(CNN) -- On the record, Pakistan has persistently criticized the United States' use of unmanned drones to attack militant hideouts in its mountainous border region.
But diplomatic cables obtained by WikiLeaks reveal that in private the Pakistani government was not unhappy about the strikes and secretly allowed small groups of U.S. Special Operations units to operate on its soil.
In a cable sent in August 2008, the U.S. ambassador to Pakistan at the time, Anne Patterson, recounted a meeting with Interior Minister Rehman Malik and Prime Minister Yousaf Raza Gilani. It coincided with a military operation in one of the restive frontier territories.
Patterson wrote, "Malik suggested we hold off alleged Predator attacks until after the Bajaur operation. The PM brushed aside Rehman's remarks and said, 'I don't care if they do it as long as they get the right people. We'll protest in the National Assembly and then ignore it.' "
On Wednesday, a governing party representative said there was some public support in Pakistan for U.S. missile attacks on suspected militants.
"There is a segment in the country who support the drone attacks, and they feel that drone attacks have been helpful in eliminating many of the militants," Pakistan People's Party spokeswoman Fauzia Wahab said.
"But of course there is another point of view in the country who do not favor the drone attacks, and they think that drone attacks are intervention and violating our sovereignty," she said.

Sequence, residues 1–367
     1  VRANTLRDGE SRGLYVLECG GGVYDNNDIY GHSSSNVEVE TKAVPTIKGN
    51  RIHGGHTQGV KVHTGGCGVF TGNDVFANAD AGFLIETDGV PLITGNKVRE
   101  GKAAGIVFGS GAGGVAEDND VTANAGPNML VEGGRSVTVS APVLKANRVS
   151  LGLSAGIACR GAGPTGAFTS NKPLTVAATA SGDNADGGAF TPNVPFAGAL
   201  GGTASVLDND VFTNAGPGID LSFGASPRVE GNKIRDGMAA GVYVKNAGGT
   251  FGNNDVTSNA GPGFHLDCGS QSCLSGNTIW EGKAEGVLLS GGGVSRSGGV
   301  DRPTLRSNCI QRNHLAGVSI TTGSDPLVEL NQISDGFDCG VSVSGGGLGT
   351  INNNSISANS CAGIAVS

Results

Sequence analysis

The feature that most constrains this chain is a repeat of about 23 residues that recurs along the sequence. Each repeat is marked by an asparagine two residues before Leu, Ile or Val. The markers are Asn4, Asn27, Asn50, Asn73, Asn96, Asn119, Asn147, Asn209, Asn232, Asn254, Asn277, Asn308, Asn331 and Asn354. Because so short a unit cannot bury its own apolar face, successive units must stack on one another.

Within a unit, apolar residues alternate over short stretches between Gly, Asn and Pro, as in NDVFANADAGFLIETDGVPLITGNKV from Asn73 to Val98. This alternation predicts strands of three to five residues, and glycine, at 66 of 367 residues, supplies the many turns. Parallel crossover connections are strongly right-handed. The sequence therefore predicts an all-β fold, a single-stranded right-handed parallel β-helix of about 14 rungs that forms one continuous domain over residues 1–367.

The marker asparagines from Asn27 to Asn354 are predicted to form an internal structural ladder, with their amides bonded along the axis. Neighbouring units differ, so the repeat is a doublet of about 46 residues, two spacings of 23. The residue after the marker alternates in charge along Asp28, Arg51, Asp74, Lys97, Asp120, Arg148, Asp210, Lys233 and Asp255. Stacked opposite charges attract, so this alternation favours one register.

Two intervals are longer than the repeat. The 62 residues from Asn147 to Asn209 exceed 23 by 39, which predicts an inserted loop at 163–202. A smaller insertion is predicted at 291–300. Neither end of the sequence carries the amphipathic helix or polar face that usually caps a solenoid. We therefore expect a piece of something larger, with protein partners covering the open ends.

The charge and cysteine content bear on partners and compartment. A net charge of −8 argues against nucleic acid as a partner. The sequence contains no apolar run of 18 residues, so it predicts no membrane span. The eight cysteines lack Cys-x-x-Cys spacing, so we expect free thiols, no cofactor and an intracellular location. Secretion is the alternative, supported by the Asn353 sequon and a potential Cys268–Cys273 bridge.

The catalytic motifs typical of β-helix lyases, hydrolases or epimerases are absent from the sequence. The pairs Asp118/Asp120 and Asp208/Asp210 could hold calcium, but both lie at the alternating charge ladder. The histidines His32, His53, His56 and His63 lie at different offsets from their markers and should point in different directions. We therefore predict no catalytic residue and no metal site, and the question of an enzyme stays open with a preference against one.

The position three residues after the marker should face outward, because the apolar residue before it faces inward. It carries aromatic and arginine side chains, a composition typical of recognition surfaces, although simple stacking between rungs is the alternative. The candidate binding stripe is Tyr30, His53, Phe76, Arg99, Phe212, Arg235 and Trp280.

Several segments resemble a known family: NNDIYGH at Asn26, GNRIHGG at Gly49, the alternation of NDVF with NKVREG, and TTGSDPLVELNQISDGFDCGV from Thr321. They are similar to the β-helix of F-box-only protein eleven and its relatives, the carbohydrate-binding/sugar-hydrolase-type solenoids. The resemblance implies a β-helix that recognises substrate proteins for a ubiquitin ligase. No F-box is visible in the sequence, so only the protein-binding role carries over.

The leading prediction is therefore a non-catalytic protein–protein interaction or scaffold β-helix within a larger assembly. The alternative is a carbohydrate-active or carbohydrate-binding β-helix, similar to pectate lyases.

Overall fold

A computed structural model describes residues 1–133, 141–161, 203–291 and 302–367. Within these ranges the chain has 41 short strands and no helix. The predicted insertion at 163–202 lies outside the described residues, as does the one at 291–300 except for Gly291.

She did not directly answer a question about her party's position on drones.
She also said there is some "soft" support for militants in "every institution" in the country, including the military, but said the government did not "support those who are close to the militants."
Asked about Wahab's comment that there was some public support for drone strikes, Pakistan's ambassador to the United Kingdom stuck to the government's official line.
"No one supports drone attacks by the Americans," Wajid Hasan said Wednesday.
But other U.S. records revealed by WikiLeaks make clear that there were meetings between American and Pakistani officials about drones.
A U.S. diplomat, based in Peshawar near the border territories, mentions in a 2008 cable a meeting he had with a senior official whose name is redacted. The official "said he wanted to say in an unofficial capacity that he and many others could accept Predator strikes as they were surgical and clearly hitting high value targets. He mentioned that fear among the local populace in areas where the strikes have been occurring was lessening because 'everyone knew that they only hit the house or location of very bad people.'"
The same official painted a gloomy picture of the situation, saying, "Our house is on fire and we need to take drastic actions," according to the cable.
It seems that Pakistan saw the drone attacks as so effective, it wanted some of its own. At a meeting in Islamabad in June 2009 attended by then-U.S. National Security Adviser Gen. James Jones, President Asif Ali Zardari "made repeated pleas for drones to be 'put in Pakistan's hands' so that Pakistan would own the issue and drone attacks (including collateral damage) would not provoke anti-Americanism," one cable says.
Zardari said the technology behind them was "not cutting-edge" and said he had raised the issue with the chairman of the Joint Chiefs of Staff.
Similarly, Pakistan has been very sensitive to allegations that U.S. combat forces are at work inside the country. But one cable from Patterson written in October 2009 noted with satisfaction, "The Pakistani Army has for just the second time approved deployment of U.S. special operation elements to support Pakistani military operations. The first deployment ... occurred in September."